At that, the German major and captain saluted very stiffly and turned to leave.
“We will kill many Americans,” the junior of the two officers said as they left. “This is war.”
Historians believed that it was the German high command sent their officers to Bastogne with the surrender demand. Yet in unearthed interviews with Allied interrogators, General Hasso von Manteufel, commander of the 5th Panzer Army, admitted that was not the case. In fact, he was surprised to learn that the ultimatum was even offered.
“Panzer Lehr Division sent a parlementaire to Bastogne without my authorization,” von Manteufel would later say. “The demand to surrender was refused, as was to be expected. I did not authorize the surrender demand which was made of the Bastogne garrison, and I am still not sure exactly who did authorize [it].”
The 2nd Panzer Division had taken Foy during the course of the day. The enemy there had actually withdrawn in the direction of Bastogne.
The 2nd Panzer Division had then, in accordance with instructions, turned in to the west and, with its bulk, was rolling in a westerly direction. Only weak security detachments had been left behind near Foy.
In the course of the morning, corps had informed the division that, by orders of corps, a negotiator of the Panzer Lehr Division would be dispatched to Bastogne – who would ask the enemy forces there to surrender.
News arrived from corps to the effect that the commander in charge of the Bastogne forces had declined a surrender with remarkable brevity. This response was fully in accord with the stubborn tenacity displayed by the defending forces.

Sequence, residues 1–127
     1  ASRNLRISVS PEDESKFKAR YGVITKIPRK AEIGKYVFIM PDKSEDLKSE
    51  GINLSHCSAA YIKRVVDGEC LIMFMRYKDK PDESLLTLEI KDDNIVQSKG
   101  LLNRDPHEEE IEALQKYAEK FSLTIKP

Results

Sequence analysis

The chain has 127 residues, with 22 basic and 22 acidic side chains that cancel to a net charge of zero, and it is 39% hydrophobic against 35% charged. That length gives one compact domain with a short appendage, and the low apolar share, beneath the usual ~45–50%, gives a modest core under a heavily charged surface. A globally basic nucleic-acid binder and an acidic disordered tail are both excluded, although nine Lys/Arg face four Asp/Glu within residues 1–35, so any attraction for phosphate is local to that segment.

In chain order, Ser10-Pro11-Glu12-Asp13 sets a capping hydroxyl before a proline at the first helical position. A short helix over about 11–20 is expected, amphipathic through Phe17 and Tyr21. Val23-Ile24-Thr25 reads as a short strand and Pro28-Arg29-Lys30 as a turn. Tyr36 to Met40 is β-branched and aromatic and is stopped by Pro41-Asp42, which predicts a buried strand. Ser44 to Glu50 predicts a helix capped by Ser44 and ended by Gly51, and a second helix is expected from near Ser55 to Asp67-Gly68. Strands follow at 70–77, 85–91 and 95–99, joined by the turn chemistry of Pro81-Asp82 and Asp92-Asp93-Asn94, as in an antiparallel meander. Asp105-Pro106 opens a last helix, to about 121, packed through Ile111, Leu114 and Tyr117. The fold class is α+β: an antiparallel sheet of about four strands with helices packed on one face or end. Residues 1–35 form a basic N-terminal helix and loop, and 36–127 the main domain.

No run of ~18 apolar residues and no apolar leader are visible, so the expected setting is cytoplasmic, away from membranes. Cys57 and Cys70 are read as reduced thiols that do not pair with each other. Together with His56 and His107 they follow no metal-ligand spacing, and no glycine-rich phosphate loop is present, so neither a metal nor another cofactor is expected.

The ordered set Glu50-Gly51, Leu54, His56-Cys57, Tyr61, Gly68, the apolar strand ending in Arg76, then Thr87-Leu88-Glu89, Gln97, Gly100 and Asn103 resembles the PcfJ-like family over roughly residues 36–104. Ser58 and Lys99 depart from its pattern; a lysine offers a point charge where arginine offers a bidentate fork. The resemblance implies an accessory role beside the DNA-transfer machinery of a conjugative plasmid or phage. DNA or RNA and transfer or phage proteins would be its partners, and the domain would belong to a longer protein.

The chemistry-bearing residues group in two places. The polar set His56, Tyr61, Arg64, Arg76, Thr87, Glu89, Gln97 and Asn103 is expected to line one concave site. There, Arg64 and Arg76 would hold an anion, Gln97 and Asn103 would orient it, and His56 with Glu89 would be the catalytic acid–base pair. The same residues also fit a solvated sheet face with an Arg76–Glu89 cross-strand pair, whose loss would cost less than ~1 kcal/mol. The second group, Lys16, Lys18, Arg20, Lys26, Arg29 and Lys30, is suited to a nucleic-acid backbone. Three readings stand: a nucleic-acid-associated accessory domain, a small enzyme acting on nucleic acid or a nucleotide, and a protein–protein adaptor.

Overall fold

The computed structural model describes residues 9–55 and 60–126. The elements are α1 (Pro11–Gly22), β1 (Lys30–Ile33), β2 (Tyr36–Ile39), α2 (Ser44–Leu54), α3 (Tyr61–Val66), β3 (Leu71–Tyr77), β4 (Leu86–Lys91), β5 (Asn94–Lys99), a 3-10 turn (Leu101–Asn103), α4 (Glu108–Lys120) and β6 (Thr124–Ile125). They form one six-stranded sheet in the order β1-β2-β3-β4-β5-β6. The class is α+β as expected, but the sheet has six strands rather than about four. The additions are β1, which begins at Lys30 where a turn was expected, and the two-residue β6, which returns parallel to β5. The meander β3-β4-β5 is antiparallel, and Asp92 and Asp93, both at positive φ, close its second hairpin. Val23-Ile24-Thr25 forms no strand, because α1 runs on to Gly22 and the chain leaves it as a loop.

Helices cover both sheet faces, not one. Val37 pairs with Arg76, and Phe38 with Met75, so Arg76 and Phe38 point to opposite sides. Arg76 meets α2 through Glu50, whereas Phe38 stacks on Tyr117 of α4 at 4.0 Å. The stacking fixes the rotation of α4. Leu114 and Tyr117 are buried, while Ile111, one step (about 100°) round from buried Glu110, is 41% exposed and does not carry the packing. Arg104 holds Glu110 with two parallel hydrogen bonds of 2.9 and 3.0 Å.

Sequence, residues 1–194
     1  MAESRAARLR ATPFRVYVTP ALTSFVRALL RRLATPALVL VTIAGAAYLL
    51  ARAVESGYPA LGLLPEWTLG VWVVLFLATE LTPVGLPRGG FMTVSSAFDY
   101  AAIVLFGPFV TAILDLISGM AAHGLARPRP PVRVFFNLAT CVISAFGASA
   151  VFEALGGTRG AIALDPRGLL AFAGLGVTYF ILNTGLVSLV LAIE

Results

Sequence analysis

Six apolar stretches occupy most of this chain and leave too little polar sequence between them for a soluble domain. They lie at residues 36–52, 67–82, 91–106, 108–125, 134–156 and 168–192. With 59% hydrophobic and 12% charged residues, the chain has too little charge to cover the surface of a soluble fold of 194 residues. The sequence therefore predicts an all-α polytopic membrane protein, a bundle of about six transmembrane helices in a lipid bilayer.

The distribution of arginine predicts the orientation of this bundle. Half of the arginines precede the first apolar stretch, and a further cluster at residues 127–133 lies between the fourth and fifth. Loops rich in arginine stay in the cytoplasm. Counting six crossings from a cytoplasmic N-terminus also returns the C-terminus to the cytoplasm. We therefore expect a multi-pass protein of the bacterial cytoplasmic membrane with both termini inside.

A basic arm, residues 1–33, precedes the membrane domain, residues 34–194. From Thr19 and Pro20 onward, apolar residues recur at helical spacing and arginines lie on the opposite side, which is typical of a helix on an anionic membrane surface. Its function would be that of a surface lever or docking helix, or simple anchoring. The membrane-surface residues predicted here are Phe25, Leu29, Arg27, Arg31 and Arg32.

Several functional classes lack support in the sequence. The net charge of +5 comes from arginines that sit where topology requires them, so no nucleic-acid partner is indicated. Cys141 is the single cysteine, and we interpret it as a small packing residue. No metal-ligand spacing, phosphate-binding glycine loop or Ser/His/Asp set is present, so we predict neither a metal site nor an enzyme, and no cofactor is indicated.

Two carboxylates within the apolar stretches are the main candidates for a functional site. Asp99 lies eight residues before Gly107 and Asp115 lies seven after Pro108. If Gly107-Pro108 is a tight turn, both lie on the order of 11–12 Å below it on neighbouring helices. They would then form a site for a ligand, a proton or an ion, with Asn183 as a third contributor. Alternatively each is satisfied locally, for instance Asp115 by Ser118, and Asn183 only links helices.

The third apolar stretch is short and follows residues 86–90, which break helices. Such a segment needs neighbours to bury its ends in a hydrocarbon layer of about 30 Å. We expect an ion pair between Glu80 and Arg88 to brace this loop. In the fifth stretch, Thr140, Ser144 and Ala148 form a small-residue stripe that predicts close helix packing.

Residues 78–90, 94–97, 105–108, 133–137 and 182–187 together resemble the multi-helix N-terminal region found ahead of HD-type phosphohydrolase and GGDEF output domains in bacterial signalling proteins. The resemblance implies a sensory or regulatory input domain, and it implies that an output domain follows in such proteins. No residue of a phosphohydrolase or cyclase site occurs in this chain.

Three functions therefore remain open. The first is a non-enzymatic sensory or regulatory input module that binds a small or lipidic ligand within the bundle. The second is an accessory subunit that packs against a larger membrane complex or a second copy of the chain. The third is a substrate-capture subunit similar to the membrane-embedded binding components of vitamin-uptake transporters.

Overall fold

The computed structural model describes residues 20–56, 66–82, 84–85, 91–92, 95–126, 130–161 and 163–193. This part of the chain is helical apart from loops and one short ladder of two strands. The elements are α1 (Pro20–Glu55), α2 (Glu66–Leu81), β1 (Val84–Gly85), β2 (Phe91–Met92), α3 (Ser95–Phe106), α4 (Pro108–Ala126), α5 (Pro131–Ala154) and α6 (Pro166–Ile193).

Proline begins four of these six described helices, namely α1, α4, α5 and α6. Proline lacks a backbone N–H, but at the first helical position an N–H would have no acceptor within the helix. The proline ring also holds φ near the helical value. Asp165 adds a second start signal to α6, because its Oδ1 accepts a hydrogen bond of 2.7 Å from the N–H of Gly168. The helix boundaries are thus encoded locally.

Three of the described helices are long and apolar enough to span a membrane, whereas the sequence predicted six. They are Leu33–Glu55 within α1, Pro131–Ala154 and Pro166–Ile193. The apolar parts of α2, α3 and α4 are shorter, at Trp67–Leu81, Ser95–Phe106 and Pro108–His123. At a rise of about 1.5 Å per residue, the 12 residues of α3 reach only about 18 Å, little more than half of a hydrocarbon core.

Two days later, Christmas Eve, General McAuliffe wrote an inspired communiqué in which he told his men about the German demand for surrender, along with his answer to them.
His Christmas message read as follows:
“What’s merry about all this,” you ask? We’re fighting – it’s cold, we aren’t home. All true, but what has the proud Eagle Division accomplished with its worthy comrades of the 10th Armoured Division, the 705th Tank Destroyer Battalion and all the rest? Just this: We have stopped cold everything that has been thrown at us from the north, east, south and west. We have identifications from four German panzer divisions, two German infantry divisions and one German parachute division. These units, spearheading the last desperate German lunge, were heading straight west for key points when the Eagle Division was hurriedly ordered to stem the advance.
How effectively this was done will be written in history; not alone in our division’s glorious history, but in world history. The Germans actually did surround us, their radios blared our doom. Allied troops are counterattacking in force. We continue to hold Bastogne. By holding Bastogne we assure the success of the Allied armies. We know that our division commander, General Taylor, will say: “Well done!” We are giving our country and our loved ones at home a worthy Christmas present and being privileged to take part in this gallant feat of arms are truly making for ourselves a merry Christmas.